This Land: How Cowboys, Capitalism and Corruption are Ruining the American West- Book Review
This Land: How Cowboys, Capitalism, and Corruption Are Ruining the American West
2019 ***** Five of Five stars
This book was a real eye-opener. It explores a world that's little known by mainstream America and tells a sad and maddening story of what's been happening in the American West. Ketcham uses both historical perspective and first-hand experience to tell his story, and it was riveting. He interviewed many of the players in the battle for Western resources, and used their words in a powerful way to explain what is happening.
The 100th meridian, which cuts through Texas to North Dakota, marks a dividing line of sorts between the land that was tamed and cultivated, and the land that was too dry for farming and left wild. Much of the land in the West was set aside as public lands if only because the land was too inaccessible, arid, rocky and unexplored.
The National Park system, which most known and most popular, consists of only a small portion of the lands under federal control. Much larger tracts of land are under control of the Forest Service, Bureau of Land Management, and Fish and Wildlife Service. These lands are also considered public lands, but in Ketchum's tale they are being grossly mismanaged by the agencies in charge.
The problem, he states, is the constant pressure put on government employees and politicians by private interests who want to make profits off of public lands. The big three industries that rely on public land access are cattle, timber, and energy production. These industries make large profits off of federal lands and give almost nothing back to the public while destroying the lands as they utilize them. This book details the awful affects of exploitation on wildlife in the west, in chapters that are almost too painful to read.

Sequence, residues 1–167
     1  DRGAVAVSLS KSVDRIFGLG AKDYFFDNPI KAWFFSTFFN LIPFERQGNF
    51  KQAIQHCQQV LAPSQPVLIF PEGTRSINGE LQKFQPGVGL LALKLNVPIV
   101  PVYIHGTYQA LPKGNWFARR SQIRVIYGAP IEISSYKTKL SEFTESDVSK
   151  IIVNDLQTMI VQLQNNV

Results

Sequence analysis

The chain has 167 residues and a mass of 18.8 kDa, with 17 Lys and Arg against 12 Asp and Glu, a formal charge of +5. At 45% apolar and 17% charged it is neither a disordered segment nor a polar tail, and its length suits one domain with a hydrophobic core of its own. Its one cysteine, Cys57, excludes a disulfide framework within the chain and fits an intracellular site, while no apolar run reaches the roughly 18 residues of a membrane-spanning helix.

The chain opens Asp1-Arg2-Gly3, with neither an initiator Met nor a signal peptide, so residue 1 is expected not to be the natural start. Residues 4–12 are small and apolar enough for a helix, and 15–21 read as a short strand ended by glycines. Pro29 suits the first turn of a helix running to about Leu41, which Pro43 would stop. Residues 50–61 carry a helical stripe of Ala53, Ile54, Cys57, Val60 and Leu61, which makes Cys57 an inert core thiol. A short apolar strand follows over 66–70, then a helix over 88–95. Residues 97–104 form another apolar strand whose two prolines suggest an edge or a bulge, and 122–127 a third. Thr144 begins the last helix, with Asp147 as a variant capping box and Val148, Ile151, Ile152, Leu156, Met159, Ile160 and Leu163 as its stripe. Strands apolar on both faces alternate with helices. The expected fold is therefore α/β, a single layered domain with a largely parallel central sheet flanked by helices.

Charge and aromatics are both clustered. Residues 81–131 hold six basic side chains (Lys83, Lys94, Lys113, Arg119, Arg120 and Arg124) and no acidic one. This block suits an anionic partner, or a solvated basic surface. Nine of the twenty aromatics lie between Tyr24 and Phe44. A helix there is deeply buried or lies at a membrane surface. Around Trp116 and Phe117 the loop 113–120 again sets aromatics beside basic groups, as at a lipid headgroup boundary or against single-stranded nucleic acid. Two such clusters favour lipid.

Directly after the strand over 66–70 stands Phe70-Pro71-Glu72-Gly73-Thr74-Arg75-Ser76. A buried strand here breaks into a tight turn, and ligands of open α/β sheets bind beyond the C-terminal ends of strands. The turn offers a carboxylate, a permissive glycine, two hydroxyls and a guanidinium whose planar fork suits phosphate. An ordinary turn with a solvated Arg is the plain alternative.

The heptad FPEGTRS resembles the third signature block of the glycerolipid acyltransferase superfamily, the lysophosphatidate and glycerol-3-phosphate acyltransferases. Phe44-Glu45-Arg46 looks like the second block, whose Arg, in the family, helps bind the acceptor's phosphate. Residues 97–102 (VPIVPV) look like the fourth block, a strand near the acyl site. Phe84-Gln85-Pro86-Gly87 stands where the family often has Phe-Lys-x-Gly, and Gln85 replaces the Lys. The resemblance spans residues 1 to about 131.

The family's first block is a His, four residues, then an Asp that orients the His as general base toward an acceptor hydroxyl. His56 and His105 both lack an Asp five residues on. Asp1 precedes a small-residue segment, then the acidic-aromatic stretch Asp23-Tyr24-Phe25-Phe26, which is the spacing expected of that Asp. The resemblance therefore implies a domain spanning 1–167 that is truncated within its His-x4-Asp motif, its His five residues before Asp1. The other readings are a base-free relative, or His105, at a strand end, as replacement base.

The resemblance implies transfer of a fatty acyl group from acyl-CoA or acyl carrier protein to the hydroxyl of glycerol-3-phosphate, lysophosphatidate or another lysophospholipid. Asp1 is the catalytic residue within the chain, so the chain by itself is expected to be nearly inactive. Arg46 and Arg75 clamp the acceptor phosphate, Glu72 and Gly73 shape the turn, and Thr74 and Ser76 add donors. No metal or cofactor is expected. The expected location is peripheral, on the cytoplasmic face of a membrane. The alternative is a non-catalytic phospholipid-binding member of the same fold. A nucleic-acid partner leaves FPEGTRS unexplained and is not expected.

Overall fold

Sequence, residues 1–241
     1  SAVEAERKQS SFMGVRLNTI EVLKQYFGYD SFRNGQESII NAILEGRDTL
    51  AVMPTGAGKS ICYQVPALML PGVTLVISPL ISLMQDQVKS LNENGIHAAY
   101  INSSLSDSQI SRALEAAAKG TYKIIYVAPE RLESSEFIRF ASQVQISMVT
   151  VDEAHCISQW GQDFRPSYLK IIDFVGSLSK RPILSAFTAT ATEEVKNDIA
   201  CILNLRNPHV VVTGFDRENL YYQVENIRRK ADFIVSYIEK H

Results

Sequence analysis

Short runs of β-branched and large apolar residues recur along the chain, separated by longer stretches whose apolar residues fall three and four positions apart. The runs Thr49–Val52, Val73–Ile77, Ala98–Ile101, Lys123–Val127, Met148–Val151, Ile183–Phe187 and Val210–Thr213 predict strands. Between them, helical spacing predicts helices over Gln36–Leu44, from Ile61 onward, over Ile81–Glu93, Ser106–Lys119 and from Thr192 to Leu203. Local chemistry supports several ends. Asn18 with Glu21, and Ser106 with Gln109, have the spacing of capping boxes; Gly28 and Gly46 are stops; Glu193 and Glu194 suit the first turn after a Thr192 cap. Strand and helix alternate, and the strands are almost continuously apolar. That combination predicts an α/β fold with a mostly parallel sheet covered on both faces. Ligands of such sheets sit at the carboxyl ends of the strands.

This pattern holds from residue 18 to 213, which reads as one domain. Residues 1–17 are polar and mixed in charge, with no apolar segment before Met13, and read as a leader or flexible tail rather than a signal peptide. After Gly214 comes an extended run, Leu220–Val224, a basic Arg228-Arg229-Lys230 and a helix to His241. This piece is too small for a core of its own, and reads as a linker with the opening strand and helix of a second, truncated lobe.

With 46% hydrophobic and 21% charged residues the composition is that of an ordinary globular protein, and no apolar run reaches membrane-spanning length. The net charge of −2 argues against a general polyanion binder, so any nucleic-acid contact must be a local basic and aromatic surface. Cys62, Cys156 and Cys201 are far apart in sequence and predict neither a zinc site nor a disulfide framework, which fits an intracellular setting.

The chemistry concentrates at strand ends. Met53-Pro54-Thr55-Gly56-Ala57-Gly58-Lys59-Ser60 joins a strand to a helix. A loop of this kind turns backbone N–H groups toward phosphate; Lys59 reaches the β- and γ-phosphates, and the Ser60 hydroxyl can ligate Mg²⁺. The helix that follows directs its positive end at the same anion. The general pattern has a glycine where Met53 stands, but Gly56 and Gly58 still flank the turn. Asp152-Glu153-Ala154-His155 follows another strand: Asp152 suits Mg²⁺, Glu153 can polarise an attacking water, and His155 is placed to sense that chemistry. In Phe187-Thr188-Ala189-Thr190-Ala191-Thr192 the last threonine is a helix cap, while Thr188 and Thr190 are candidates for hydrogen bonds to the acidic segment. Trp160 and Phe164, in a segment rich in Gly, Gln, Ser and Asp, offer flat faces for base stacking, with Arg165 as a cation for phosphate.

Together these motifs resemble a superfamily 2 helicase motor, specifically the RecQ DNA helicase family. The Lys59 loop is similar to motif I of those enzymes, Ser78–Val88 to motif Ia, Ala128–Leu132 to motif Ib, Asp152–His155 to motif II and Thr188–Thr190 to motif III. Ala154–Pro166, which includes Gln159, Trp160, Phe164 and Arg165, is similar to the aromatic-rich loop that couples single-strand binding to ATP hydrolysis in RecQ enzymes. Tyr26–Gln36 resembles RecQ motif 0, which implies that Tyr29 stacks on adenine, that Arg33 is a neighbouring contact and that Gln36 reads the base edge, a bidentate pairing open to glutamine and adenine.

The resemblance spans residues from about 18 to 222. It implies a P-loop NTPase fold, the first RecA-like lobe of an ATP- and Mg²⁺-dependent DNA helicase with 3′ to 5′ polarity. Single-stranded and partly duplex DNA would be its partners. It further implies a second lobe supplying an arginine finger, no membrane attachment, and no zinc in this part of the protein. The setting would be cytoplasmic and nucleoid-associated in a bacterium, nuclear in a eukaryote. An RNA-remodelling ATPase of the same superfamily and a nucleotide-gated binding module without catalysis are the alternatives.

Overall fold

Ketchum saves his biggest anger for the cattle industry. Western cattlemen use public lands on which to graze their cows, which they then turn around and sell for slaughter. Once the lands of the West were emptied of Indians and buffalo, eager cowboys used those new open spaces for their herds. The impact on the land is substantial- water sources are polluted with feces, grasses are consumed to the point where nothing grows back, and predators like wolves and coyotes are hunted with impunity whether or not they pose a real danger to cattle. Entire ecosystems can be destroyed by frequent grazing.
Cattlemen use threats and gold old boy networks to dominate most of the regulatory safeguards that might exist. They rely on the romantic era of cowboys and what they symbolize to get their way. Never mind that they add almost nothing to the local economies and provide at most 2% of all beef products. Ketchum calls them protected welfare queens, making their livings off of government workers, lands and funds while they intimidate any scientist or government employee who even tries to rein them in. Mormons especially are to blame according to the author, as they control the political and religious atmosphere in Utah and surrounding areas.